In this tutorial we used instructions that access the text that is constantly changing with every click. It is also possible to use instructions that access the text from the game database.
Instructions that access the text database Edit
Load the saved game. Search the string “ドアの脇に鞄を置いて、そのままキッチンへ向かう。” CE will find one address. Add it to the address list and name it “database”.
Right click the address “database” and choose “Find out what accesses this address”. Now click in the game window and the following window will appear.
Let's look at “0040FA58 - 8A 10 - mov dl,[eax]” in the debugger (disassembler). Set a breakpoint at 40FA58 with F5 and click in the game window. Don't forget to press “Stop” in the opcode window. The screen shows the window after I pressed “Stop”. Right click EAX and choose “Show in hexview”.
Now press F9 repeatedly and observe the changes of EAX. The hexview will not change because it shows the text database. You can see that EAX is increased by 2 every time and it always points to the start of an SJIS character. The first byte is often 81, 82, 83 or 91.
Let's place our hook here. We want to read one SJIS byte “B”, the address is 40FA58. The character is at [EAX] (address contained in EAX) therefore we need “*0”. The hook will be “/HBN-4*0@40FA58”. Let's ignore “N” for now which simply turns off the context.
Context and subcontext Edit
The context is the value at the top of the stack. In Figure 8 the value at the top of the stack is (dword)00000001(1). That is it's the number 1. AGTH uses the context to create multiple threads for one hook.
In the screen shot above 0x00000001 is the context of the thread. AGTH shows the context as 0x00000001 when it's turned off. AGTH creates one thread for each context unless you turn off the context by adding “N” to the hook. That's what we did because we simply didn't need to create multiple threads. We didn't have to split our thread in multiple threads.
The second number 00000000 after “:” in the thread title is the subcontext. We didn't specify any subcontexts in our hook, therefore AGTH shows it as 00000000. The subcontext is a register value or a stack value that is used to split a thread into multiple threads. While the context is always the value at top of the stack, the subcontext can be freely defined and allows a lot of flexibility.
It is even possible to use the context and a subcontext together. AGTH will create a thread for each pair of context and subcontext. If there are e.g. 3 different contexts and 5 different subcontexts then AGTH will create 15 different threads.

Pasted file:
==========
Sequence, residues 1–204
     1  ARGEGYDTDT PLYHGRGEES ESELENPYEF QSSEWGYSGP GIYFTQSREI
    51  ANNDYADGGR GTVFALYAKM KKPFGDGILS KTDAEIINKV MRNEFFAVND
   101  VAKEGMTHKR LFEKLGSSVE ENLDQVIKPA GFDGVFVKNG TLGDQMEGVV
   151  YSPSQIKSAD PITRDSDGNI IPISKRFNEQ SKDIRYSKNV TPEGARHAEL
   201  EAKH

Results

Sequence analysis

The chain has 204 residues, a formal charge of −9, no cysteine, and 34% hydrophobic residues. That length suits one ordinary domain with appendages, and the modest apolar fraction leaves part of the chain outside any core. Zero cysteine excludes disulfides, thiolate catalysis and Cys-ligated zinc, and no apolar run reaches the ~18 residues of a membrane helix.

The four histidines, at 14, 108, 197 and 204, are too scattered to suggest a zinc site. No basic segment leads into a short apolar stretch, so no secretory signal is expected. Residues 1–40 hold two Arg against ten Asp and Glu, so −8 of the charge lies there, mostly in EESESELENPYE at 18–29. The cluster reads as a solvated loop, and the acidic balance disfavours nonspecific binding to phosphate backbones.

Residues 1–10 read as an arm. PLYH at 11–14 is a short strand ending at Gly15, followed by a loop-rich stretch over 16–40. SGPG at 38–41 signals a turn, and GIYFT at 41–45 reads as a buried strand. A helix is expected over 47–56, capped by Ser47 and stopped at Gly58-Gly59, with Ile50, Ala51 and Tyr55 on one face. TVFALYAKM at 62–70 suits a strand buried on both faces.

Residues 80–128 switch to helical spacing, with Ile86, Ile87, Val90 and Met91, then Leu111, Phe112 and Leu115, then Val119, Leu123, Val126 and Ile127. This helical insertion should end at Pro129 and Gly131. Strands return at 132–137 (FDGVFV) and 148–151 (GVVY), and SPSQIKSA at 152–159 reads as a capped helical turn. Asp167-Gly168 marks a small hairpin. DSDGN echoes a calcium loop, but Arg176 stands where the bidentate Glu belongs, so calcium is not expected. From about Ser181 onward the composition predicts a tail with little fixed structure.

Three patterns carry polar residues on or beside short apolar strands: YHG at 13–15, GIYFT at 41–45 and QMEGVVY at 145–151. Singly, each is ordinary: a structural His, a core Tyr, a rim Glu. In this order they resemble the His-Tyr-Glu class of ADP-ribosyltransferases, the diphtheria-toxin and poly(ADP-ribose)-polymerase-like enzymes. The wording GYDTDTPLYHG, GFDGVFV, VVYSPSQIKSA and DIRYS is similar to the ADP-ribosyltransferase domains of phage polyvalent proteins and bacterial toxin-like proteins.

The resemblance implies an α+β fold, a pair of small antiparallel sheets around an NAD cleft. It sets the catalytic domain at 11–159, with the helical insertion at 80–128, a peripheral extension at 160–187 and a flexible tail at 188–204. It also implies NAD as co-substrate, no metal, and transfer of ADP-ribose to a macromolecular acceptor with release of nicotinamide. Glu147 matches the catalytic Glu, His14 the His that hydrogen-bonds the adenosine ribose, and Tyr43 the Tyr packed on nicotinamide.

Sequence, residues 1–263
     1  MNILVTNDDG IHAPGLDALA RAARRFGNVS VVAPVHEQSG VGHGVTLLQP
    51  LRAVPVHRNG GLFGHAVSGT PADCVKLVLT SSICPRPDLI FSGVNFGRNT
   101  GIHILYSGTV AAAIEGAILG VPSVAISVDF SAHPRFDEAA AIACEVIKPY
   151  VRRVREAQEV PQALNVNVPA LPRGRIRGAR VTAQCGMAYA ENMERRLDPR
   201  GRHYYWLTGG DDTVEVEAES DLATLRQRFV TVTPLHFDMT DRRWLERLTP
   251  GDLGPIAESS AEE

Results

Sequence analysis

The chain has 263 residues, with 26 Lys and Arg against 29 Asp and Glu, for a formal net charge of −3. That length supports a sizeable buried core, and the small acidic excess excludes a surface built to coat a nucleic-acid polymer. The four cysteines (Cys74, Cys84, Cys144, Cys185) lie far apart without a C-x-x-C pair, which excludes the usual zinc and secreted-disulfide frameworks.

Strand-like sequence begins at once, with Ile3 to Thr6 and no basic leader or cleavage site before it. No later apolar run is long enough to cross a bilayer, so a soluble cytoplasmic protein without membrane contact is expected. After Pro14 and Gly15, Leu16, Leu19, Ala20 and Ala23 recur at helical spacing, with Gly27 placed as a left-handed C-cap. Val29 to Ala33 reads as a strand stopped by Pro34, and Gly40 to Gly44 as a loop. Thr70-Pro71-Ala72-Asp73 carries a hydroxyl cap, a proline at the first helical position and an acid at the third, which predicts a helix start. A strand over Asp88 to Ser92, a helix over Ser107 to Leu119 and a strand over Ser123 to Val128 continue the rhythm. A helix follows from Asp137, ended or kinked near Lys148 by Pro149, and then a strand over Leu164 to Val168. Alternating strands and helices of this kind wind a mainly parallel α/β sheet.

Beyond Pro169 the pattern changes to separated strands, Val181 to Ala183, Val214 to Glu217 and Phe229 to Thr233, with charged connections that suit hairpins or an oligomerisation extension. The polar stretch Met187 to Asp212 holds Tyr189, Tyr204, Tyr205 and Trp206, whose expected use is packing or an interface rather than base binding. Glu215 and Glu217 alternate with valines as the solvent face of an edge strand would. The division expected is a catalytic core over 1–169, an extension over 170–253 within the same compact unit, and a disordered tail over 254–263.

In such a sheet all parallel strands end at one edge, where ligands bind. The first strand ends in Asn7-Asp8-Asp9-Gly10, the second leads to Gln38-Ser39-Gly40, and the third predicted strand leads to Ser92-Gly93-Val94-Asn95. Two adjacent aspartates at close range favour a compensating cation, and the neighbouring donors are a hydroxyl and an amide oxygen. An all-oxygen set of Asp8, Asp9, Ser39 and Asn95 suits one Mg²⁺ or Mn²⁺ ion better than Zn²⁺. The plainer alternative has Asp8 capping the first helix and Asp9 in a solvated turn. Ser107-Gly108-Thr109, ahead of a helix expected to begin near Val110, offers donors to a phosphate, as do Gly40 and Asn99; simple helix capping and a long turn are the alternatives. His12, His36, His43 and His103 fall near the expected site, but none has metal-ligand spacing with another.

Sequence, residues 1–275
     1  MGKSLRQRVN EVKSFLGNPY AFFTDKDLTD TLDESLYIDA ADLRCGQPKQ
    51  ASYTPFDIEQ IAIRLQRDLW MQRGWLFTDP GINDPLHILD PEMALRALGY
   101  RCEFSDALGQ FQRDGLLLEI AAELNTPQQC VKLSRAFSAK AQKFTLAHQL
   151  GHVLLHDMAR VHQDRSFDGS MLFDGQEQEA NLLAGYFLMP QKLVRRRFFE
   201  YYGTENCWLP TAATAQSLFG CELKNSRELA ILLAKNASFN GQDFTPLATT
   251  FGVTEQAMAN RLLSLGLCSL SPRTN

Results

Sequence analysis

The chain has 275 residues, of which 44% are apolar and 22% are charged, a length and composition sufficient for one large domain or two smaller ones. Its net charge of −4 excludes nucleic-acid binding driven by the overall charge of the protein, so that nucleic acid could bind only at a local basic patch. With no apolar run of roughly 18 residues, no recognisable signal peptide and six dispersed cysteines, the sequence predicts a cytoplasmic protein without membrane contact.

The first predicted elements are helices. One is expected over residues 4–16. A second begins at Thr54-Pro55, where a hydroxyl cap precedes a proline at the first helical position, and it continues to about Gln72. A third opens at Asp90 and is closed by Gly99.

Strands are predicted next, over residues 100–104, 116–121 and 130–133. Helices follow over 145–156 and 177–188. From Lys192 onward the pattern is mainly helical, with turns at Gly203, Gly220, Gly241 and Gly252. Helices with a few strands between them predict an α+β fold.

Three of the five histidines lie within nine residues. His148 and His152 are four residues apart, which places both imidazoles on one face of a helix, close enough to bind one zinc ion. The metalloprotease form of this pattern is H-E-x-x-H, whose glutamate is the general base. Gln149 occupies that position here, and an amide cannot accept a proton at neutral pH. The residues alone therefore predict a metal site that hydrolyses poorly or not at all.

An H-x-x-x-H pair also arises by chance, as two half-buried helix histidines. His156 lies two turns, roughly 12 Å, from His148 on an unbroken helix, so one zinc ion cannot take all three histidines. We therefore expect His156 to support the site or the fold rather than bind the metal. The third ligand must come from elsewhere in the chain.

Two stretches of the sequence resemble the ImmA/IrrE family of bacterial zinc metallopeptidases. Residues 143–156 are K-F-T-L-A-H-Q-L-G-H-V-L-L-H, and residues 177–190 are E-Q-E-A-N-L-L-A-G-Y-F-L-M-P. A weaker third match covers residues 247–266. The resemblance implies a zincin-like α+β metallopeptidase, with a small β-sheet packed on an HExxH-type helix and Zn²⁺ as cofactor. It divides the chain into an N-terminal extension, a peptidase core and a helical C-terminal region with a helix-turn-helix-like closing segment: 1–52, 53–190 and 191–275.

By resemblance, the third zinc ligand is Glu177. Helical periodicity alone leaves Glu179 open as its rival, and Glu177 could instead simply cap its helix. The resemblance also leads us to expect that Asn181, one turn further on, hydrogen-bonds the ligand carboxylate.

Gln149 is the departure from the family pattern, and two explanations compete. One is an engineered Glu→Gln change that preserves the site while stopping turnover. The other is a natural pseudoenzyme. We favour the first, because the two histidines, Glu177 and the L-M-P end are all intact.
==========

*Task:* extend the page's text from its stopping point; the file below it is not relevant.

Let's look at a thread that is automatically created by AGTH. It shows the correct text “ドアの脇に鞄を置いて、そのままキッチンへ向かう。” but also the previous text. Couldn't we use a subcontext to split both texts in different threads? Let's try it.
0040DF02 is the context of the thread and the address of an automatic AGTH hook. In the debugger press Ctrl+G and go to 0040DF02. At 40DEFC we see a call to the function TextOutA. Let's set a breakpoint at this address. Press F5 to set a breakpoint.
We see that EDI contains our text. Right click EDI and choose “Show in hexview”. Press F9 repeatedly and you will see that TextOutA is called once for each character. Also EDI is increased by 2 each time and EAX changes too. You will also see that first EDI accesses the old text and then it starts accessing the new text. When that happens all registers change their values. Our goal is to find a register that will be our subcontext and that will create two threads, one for the old text and one for the new text.
Press F9 until new text starts appearing. Write down all the register values except EAX and EDI because they change with every call to TextOutA. EIP should also be ignored.
Now remove the breakpoint with F5 and press F9. Set the breakpoint again and press F9 repeatedly until the game starts displaying new text.
Create a table of register values again.
Compare the tables. ESI is different so we have to remove ESI from the candidate list. Now create a third table for the register values when old text is displayed.
|Register||New Text||New Text Again||Old Text|
EBX, ECX, EDX and EBP are the same in the table for old and new text. Remove them from the candidate list. This only leaves us ESP. Let's make ESP our subcontext. EDI which points to an SJIS character is -20, ESP is -14.
The H-Code “/HBN-20*0:-14@40DEFC” is our new hook.
“:-14” in the hook means that ESP is the subcontext. Now AGTH shows two threads. One is 0x00000001:0018F5D0 and the other is 0x00000001:0018EEB0. Notice that the subcontext is the value of the ESP register. The context is 0x00000001 because we have turned them off with “N” in the hook.
It is also possible to use a value from the stack as the subcontext. I recommend using OllyDbg for that. OllyDbg allows copying the stack to the clipboard and pasting it in a spreadsheet. A spreadsheet makes it much easier to see which values stayed the same and which changed.
- ↑ “N” turns off the context. Contexts will be explained later.